Of course, Hopfgarten & Jollage’s production most often found its way into the hands of well-heeled Grand Tourists, those who could best afford the expensive mementos, and for whom they might later have the greatest meaning – a gleaming model of some Rome monument on a grey, chilly, drizzling London afternoon, recalling a glorious, warm Roman morning, suffused in the golden Italian sunlight.

While material describing Hopfgarten & Jollage’s partnership is sketchy, we can infer the basic outline. They must have met in Berlin, where both were born, Benjamin Ludwig Jollage in 1781, Wilhelp Hopfgarten in 1789. Wilhelm’s family was artistic and a brother shared his interest in metal casting.

On his way to Rome, where he arrived by 1804, Hopfgarten spent two years in Paris. This was in the period immediately preceding the development there of foundry techniques permitting highly-detailed bronze castings, as well as advancements in the practice of fire-gilding the finished castings – a surface called ormolu.

It appears that Hopfgarten may have been more artistically and technically inclined than his partner Jollage, who may have been more instrumental on the business and marketing side of their shared enterprise. Hopfgarten much impressed the era’s leading, most famous sculptors, including Berthel Thorvaldsen and Christian Daniel Rauch. He cast important commissions for the former and was asked by the latter to join his studio, an honor Wilhelm declined.

Jollage’s name appears on documents which represent the firm. It appears he may have established and maintained relations with Church officials leading to commissions from these most important and influential of Roman clients.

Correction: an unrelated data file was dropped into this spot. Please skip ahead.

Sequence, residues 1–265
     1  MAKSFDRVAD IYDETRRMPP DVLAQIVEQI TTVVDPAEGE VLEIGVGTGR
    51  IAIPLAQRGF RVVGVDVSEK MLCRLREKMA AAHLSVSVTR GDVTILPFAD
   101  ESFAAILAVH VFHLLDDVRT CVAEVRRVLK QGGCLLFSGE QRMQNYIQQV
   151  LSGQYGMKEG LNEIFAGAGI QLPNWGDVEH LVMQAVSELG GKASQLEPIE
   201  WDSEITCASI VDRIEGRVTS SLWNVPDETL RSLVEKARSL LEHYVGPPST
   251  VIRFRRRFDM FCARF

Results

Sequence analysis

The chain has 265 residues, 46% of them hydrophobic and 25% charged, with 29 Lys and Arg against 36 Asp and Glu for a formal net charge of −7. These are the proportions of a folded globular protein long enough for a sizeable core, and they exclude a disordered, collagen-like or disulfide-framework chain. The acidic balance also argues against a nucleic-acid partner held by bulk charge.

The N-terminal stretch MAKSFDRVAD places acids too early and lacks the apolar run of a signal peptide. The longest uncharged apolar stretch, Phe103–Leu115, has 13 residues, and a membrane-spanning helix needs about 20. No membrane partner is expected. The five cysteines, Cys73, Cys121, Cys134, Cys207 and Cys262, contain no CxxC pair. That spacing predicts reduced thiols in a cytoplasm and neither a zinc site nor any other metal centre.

This work included not just production of architectural miniatures but important conservation projects as well. For example, the firm was charged with the restoration of the bronze doors of St. Paul’s, as well as the repair of antique Roman lead piping and other hydraulic work.

The firm’s best-known work, though, remained its souvenir architectural models. These were distinctive for a variety of reasons, especially their remarkable, carefully-wrought detail.

The Prussian casters did not simply reproduce, in miniature, the ancient Roman monuments as they appeared in the early 19th century. Instead, these were modeled as they had appeared in antiquity. For example, Trajan’s Column, which in the early 1800’s (as today) was topped by a colossal figure of St. Peter, was instead portrayed with its original likeness of the Emperor. Hopfgarten & Jollage’s exactingly rendered casting of the Arch of Constantine is not flat-roofed, but surmounted by an elaborate, colossal figure of Roman horsemen, a charioteer and quadriga – just as it had appeared in antiquity.

Other details of their models are subtler. Their model of the Lateran Obelisk sits upon a base of Aswan Red Granite, part of the debris of the real Obelisk from the Temple of Amun in Karnak, erected in Egypt 3500 years ago, and brought to Rome by Constantius II.